Since its implementation in 2018, the European Union’s General Data Protection Regulation (EU GDPR) is widely seen as the global regulatory standard in the data protection and privacy landscape. In many countries enacting new data protection laws or modernising current data protection laws, such as Thailand and Indonesia, the GDPR has been viewed as a useful yardstick.
The GDPR was designed to ensure the protection of personal data processed by both public and private organisations within the EU. Privacy is regarded as a human right that is necessary to protect, especially when it comes to business practices and personal data.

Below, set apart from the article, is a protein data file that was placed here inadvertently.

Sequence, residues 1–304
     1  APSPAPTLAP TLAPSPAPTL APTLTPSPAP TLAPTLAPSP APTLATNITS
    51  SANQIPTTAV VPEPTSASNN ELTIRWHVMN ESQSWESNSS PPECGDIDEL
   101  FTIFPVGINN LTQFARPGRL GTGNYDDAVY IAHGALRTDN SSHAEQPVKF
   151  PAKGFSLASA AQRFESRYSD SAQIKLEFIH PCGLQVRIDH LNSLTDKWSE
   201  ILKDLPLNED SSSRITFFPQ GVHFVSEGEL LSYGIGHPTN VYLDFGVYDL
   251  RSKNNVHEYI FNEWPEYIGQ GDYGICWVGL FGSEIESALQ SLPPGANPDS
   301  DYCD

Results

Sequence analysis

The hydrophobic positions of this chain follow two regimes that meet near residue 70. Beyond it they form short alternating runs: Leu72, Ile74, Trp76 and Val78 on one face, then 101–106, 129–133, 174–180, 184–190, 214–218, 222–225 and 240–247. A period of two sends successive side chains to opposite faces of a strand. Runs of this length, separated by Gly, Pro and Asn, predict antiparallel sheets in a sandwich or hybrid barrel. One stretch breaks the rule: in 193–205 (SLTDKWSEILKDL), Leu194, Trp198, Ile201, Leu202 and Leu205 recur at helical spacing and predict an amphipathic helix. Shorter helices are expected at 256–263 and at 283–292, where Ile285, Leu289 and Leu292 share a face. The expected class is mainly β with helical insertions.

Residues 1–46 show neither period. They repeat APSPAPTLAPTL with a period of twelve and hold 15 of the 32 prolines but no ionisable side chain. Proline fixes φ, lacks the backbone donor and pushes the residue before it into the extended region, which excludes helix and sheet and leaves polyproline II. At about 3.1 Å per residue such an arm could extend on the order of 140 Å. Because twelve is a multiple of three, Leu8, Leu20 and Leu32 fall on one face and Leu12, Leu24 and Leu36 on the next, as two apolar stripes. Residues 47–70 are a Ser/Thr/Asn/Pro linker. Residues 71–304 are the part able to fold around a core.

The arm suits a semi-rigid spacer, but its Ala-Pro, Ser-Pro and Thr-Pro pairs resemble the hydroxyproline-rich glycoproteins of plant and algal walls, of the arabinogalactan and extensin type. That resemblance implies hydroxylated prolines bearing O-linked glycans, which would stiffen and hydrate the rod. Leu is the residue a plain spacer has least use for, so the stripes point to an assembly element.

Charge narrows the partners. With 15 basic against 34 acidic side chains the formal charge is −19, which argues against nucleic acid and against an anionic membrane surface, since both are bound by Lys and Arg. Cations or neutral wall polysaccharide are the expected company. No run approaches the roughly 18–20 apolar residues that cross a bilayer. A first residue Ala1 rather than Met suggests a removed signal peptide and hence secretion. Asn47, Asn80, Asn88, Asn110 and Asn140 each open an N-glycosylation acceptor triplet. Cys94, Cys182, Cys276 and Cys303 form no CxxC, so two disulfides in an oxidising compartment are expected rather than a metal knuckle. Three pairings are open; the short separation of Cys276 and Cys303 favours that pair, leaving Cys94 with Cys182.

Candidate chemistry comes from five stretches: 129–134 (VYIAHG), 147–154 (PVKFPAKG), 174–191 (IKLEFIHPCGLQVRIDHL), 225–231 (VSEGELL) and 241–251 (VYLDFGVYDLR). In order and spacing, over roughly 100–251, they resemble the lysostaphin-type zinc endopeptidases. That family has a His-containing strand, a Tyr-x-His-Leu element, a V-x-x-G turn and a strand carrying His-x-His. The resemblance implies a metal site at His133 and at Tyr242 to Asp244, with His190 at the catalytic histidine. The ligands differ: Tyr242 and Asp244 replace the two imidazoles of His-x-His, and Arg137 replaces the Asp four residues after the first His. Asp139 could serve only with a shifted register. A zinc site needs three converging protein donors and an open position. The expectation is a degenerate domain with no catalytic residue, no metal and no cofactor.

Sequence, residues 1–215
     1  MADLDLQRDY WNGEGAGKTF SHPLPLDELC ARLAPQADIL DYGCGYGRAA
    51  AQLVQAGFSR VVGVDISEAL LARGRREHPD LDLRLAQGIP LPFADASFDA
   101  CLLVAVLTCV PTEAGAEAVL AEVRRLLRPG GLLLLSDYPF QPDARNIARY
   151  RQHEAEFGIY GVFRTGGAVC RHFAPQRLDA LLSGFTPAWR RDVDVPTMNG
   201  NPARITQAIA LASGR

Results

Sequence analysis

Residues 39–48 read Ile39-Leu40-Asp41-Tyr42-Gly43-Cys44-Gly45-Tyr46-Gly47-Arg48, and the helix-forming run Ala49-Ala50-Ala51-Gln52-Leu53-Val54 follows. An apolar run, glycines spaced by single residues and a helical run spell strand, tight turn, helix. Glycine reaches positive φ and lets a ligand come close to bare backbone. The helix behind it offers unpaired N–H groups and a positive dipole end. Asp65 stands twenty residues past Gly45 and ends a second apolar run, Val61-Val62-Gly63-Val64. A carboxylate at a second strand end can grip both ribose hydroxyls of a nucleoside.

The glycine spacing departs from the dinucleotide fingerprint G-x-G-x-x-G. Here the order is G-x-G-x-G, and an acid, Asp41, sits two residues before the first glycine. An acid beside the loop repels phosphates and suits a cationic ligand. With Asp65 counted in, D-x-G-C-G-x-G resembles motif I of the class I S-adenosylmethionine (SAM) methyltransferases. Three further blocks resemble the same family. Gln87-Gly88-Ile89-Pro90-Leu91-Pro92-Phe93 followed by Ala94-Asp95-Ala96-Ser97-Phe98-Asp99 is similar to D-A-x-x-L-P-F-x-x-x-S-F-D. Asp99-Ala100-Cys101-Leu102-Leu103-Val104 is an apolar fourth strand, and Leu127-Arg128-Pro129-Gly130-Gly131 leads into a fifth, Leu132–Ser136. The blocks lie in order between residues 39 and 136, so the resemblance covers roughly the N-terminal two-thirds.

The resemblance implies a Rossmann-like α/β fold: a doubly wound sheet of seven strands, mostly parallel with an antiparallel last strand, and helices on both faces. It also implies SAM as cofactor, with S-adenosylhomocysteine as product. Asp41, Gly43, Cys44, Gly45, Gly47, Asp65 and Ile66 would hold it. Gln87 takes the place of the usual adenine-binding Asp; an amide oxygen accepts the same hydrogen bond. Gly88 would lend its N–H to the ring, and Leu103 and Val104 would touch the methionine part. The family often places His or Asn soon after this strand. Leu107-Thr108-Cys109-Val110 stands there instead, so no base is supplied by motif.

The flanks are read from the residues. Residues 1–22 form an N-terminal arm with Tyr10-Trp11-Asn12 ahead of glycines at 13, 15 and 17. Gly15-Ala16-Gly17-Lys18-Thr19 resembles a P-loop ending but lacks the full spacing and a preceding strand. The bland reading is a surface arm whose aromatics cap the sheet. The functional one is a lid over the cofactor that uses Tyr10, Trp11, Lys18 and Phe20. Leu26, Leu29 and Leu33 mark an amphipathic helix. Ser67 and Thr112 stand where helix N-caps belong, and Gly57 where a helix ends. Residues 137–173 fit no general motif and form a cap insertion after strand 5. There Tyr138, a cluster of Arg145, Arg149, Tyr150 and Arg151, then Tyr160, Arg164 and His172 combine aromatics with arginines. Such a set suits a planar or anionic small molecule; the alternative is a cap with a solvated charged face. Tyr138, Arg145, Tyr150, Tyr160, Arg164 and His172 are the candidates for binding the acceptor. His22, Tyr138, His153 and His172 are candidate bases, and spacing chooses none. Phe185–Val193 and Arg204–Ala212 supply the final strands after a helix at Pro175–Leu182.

How does the GDPR affect companies outside of the EU?
It is not unusual to see multinational corporations that are headquartered in the EU choosing to take the GDPR as the default position for data privacy across all of their global operations to ensure consistency among the countries in which they operate. At times, these corporations take that position simply because they think that it is the right thing to do
On the flip side, Asian companies that choose to market their goods or services to individuals located in the EU or who choose to profile such individuals must comply with the GDPR when they carry out these activities. For most Asian companies, such compliance is typically little different from complying with local data protection or data privacy law.